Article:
Why do you sometimes introduce yourself as an elegaic poet?
All poetry is about loss—of people, places, moments—and therefore about time, isn’t it? And that means it’s also about those little moments of joy, when the direction of loss is reversed. As for example, in my poem, “Thaw” in Shimmer, when “the fog / in my mouth melted / like spun sugar” and I recollected the name —“even more beautiful / than the tree”—“liquidambar,” which I had been completely unable to summon.
Memory is so often my subject. I love the Proustian moment—some triggering thing—and an entire past world blossoms open. My memories of the past sometimes seem like paintings I can re-examine, in which I can discover new things.
I have an Updike-ian feeling for the way the music, books, and fashions of our prime moment in time flow swiftly into the past, taking our very sense of self with them.
Are any of your collections less elegaic than others? And do you come up with an idea for a collection and then write poems toward that idea, or not?
I’ll take that last question first. Unlike some poets, I don’t choose a subject or theme to explore or write towards, but trust the poems I’ve written over a several-year time period have some kind of connection (or interesting disjunction) that I can discover in the process of selecting and arranging them. I do think a lot about arrangement, and try to create trajectories that will enhance the reader’s experience of a book.
I think all my books are elegaic, as well as in love with the world we will lose. To varying degrees, they all include Wordsworthian recollections of my New York city childhood; they all explore the vicissitudes of aging, its sorrows, comedy, and mysterious blessings; they all contain poems that become “the literary equivalent of placing stones upon grave markers,” as one reviewer of Light Lowering in Diminished Sevenths said. But Shimmer, at least in part, is probably the book in which the personal most rubs up against the political and historical—the 2006 Israel-Hezbollah war, for example, and the U.S. war in Iraq with its horrific toll on the bodies of surviving soldiers. And it is my most international book, whether I’m incorporating cities I’ve actually visited into poems, or imagining ones I’ve never been to. I have been fortunate to have experienced a variety of places in the world, even Syria—about a decade before the horrors of the current war—when my daughter was in Damascus on a Fulbright. A lover of cities, I found Damascus appealing, with its rooftop patios visible from the one my daughter and her room-mates shared; “I [was] blanketed again / in sums of rich /privacies,” as I say in “Aloft, in a City Again.” In Bird Flying through the Banquet, there is a somewhat greater remove from those now more remote memories of my parents’ declines that dominate Light Lowering in Diminished Sevenths. Proustian recall seems to highlight the figures of my past in key moments, illuminating their characters and culture; and the eye cast on psychological and physical dissolution is sometimes cooler, more impersonal—and more accepting. The only way to respond to political horrors seems to be by throwing up the hands in comic stances. On the other hand, Bird also definitely exhibits and explores vulnerability—perhaps a prerequisite of poetry—in the self and observed others. It celebrates the body and the warmth of erotic attraction into our late years, and the generation coming up, often at the same time as it laments the body’s decline, and pays homage to the generation now gone.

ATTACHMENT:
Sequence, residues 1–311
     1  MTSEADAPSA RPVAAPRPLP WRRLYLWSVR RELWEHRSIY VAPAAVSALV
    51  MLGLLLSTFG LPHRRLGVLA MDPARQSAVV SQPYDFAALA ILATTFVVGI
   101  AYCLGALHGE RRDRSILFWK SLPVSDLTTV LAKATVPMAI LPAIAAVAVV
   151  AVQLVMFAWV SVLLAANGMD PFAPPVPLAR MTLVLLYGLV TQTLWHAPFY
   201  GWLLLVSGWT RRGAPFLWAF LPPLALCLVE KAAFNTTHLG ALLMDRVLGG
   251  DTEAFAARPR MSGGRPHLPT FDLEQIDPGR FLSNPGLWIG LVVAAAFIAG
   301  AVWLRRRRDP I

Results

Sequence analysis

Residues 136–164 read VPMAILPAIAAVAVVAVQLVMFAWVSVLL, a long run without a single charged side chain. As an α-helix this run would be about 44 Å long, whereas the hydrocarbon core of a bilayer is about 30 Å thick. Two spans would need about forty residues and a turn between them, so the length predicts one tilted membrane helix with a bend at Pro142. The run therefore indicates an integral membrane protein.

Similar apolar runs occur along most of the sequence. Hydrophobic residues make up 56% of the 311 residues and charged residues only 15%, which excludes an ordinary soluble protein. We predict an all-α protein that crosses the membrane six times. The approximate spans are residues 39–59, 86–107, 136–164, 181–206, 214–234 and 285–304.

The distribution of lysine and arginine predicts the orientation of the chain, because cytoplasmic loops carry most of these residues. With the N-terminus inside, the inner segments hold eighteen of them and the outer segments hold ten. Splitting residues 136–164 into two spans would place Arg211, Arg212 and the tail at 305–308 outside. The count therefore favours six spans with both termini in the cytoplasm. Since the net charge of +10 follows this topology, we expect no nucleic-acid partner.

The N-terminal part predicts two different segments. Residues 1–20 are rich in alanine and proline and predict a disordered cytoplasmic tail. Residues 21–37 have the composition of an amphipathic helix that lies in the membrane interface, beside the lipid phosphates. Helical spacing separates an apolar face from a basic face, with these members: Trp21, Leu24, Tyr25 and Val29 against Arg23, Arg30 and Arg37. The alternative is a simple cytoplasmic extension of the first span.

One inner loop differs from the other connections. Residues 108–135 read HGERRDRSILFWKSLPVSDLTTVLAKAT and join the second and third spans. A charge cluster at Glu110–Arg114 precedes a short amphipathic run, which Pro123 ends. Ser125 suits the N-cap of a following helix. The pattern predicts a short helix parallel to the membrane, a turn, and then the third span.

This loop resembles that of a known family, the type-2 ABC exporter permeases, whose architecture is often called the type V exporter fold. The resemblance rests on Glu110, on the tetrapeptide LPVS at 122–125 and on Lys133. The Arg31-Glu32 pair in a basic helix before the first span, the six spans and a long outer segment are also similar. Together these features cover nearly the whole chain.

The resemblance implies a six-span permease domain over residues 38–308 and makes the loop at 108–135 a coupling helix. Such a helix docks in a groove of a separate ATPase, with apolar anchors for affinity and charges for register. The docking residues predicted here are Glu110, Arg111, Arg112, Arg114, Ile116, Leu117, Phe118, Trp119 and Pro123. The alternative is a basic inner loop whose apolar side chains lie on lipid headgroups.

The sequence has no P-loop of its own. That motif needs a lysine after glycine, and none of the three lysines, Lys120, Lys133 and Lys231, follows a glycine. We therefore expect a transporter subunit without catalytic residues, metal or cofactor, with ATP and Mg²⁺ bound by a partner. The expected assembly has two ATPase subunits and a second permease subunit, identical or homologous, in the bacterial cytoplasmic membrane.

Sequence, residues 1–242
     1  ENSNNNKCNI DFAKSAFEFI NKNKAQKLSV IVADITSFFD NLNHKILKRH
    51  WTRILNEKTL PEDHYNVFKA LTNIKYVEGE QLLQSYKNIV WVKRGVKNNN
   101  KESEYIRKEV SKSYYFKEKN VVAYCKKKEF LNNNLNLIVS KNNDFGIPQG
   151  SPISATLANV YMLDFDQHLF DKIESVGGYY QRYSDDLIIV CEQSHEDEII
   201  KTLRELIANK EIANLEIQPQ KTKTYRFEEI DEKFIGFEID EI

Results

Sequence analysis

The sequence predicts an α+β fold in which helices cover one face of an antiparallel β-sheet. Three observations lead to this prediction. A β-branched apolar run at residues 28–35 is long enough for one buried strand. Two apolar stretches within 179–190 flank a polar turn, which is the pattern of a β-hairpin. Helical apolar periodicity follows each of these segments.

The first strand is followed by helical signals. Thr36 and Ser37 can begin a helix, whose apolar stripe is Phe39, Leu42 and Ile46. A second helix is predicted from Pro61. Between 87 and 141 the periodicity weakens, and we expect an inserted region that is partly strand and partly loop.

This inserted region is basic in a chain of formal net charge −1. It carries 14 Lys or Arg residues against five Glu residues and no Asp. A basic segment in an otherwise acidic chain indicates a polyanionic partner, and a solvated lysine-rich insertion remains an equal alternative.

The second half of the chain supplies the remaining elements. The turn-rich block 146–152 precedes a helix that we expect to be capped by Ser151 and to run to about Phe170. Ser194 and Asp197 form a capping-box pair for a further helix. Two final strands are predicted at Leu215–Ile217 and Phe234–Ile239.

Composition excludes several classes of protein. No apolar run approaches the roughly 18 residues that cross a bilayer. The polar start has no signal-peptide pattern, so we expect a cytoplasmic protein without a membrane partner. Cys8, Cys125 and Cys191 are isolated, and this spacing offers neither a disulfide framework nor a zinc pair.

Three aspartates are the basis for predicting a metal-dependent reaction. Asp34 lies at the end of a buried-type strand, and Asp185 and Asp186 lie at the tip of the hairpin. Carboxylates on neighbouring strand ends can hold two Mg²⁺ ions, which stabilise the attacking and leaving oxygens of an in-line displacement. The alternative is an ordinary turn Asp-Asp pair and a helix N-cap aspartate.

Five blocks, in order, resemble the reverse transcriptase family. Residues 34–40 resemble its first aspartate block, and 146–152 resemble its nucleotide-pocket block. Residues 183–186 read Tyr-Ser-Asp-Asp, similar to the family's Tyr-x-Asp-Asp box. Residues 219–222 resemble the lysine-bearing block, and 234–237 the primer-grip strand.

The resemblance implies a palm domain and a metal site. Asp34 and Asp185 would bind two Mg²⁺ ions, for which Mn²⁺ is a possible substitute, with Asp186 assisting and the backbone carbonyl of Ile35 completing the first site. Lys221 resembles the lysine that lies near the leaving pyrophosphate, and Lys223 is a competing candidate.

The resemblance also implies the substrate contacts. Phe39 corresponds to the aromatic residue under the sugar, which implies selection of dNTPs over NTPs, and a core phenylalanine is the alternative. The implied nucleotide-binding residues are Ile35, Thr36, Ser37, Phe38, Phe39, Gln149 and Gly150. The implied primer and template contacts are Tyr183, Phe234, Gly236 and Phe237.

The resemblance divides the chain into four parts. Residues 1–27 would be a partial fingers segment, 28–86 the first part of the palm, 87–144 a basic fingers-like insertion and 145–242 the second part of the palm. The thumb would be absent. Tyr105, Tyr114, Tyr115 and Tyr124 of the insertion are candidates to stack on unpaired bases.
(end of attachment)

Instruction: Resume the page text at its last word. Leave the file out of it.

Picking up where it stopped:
Why did you start writing poetry again in early middle age?